For many European cities today, addressing traffic congestion and reducing transport related emissions of CO2, noise and harmful local pollutants, is a key priority. Cities are looking to reduce the number of motorised vehicle trips in the urban area, encourage a modal shift towards cleaner forms of transportation, such as walking, cycling and public transportation and foster the use of zero emission vehicles.
At the same time, it is imperative that such changes occur without reducing the overall mobility of, or placing undue financial strain on, citizens and businesses. Municipalities and other public authorities across Europe spend huge amounts of money on the purchase of goods, services and works each year. According to European Commission estimates, public procurement accounts for 14% of EU GDP1. A very wide variety of items are procured, from office supplies, to canteen catering services, from street furniture to the construction of municipal buildings. In almost every case some form of transportation of people or products is required to deliver the contract.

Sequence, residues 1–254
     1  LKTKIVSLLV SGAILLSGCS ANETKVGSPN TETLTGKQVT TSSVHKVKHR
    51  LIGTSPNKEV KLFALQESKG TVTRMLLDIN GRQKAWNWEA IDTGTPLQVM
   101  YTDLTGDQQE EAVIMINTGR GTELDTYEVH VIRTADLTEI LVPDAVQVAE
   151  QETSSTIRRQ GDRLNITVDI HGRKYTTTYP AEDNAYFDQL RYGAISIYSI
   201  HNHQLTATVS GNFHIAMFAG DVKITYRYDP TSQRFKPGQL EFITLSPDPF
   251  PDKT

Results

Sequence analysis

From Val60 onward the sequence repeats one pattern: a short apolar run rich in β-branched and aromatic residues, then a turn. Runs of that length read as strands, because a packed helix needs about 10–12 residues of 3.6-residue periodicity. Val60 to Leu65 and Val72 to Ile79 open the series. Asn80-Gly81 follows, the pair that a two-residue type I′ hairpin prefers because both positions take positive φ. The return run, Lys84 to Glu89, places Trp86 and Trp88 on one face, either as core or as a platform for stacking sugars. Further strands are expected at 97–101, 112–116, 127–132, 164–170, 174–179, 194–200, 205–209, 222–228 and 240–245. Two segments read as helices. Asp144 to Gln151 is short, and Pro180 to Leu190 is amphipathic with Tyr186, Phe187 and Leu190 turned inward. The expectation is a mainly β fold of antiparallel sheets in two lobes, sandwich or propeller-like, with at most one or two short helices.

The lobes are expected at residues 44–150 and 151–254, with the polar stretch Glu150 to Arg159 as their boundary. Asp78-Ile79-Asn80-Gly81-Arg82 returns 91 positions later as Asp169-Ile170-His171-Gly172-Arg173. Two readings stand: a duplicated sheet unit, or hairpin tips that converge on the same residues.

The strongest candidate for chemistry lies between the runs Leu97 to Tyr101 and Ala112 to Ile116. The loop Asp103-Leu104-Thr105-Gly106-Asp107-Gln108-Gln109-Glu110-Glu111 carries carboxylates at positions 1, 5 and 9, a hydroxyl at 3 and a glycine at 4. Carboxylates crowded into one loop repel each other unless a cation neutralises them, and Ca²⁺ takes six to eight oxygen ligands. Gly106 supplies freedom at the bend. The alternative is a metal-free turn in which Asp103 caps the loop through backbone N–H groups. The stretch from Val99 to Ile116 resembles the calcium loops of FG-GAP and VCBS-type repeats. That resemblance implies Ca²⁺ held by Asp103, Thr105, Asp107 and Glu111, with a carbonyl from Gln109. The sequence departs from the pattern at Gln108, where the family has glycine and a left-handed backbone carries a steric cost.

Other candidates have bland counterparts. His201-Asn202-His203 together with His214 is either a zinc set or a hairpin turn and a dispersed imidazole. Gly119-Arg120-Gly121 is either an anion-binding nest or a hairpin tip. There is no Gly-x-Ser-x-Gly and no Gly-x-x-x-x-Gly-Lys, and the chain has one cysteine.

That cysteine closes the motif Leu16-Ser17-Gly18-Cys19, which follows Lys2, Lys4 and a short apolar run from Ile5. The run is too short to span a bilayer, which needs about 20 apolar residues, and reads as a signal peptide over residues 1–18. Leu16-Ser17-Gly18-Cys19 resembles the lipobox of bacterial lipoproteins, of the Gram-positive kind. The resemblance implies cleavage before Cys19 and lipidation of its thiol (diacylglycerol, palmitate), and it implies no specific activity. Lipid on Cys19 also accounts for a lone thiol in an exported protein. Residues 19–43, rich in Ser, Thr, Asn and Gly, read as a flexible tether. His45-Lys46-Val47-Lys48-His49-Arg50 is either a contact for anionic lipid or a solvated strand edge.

The BuyZET project aimed to understand the impact of this spending on transportation flows in EU urban areas, to see how procurement may be used to best support the shift to sustainable mobility. Procurement activities can be divided into different categories with regards their impact on transportation patterns: vehicles, transportation services, goods, construction and other services. BuyZET brought together a group of ambitious cities, led by Copenhagen, Oslo and Rotterdam, who wished to explore how they can promote the zero emission urban delivery of goods and services through their procurement actions.
The BuyZET just published their handbook. The main focus of the BuyZET Handbook is how public authorities can adjust their procurement of general goods and services to help promote sustainable urban transportation patterns.